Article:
Iran will stop oil exports from the Strait of Hormuz, the world’s most important oil chokepoint, if the U.S. succeeds in halting crude sales from the Persian Gulf nation, a Revolutionary Guards official said.
“Any hostile attempt by the U.S. will be followed by an exorbitant cost for them,” said Esmail Kowsari, deputy commander of the Sarollah Revolutionary Guards base in Tehran, according to the Young Journalists Club, affiliated with Iran’s national broadcaster. “If Iran’s oil exports are to be prevented, we will not give permission for oil to be exported to the world through the Strait of Hormuz.”
The Strait of Hormuz is at the mouth of the Persian Gulf, the world’s biggest concentration of tankers that carry about 30 percent of all seaborne-traded crude oil and other liquids during the year. President Donald Trump decided in May to back out of the 2015 nuclear accord with Iran, with sanctions set to be renewed in November. The U.S. threats come amid rising tensions, pitting Iran against Saudi Arabia and other Gulf Arab nations who maintain close ties with Trump.
Kowsari comments follow remarks by Brian Hook, the State Department’s director of policy planning, who said Monday that the U.S.’s “goal is to increase pressure on the Iranian regime by reducing to zero its revenue from crude oil sales.”
The U.S.’s threat recently to prevent Iranian oil exports “called for a swift and smart stance” from Iran, Kowsari said, praising Iranian President Hassan Rouhani’s reaction on Tuesday who said “it’s an incorrect belief that all oil producers would be able to export and Iran would be the only country unable to export oil.”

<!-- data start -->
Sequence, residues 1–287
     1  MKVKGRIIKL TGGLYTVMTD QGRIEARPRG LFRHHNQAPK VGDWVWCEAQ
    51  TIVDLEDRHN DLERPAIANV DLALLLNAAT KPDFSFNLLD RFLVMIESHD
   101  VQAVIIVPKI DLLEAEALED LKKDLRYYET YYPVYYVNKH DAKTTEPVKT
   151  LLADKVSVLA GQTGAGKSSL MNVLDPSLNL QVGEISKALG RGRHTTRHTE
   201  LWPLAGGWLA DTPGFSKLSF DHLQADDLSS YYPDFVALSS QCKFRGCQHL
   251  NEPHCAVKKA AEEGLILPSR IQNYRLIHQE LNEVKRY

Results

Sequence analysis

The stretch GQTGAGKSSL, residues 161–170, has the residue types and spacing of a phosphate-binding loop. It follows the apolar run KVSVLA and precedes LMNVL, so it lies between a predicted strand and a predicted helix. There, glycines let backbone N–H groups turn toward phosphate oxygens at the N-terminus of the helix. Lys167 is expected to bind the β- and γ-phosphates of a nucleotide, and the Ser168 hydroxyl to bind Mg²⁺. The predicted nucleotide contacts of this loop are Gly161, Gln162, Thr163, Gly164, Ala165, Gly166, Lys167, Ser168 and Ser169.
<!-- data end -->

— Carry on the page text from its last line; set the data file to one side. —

Rouhani’s comments “were a warning to regional countries,” said Masoud Goudarzi, a member of the Iranian parliament’s national security committee, according to the chamber’s news website. “In backing the U.S., countries in the Persian Gulf are pursuing interests that will harm the Islamic Republic and so won’t accept this.”
U.S. President Donald Trump has called for Saudi Arabia to boost production to make up for potential losses from Iran and Venezuela. The White House said over the weekend that King Salman bin Abdulaziz affirmed that Saudi Arabia has 2 million barrels a day of spare production capacity “which it will use if and when necessary to ensure market balance and stability, and in coordination with its producer partners, to respond to any eventuality.”
Iran, OPEC’s third-biggest oil producer, exported 2.28 million barrels a day of crude in June, according to the Oil Ministry.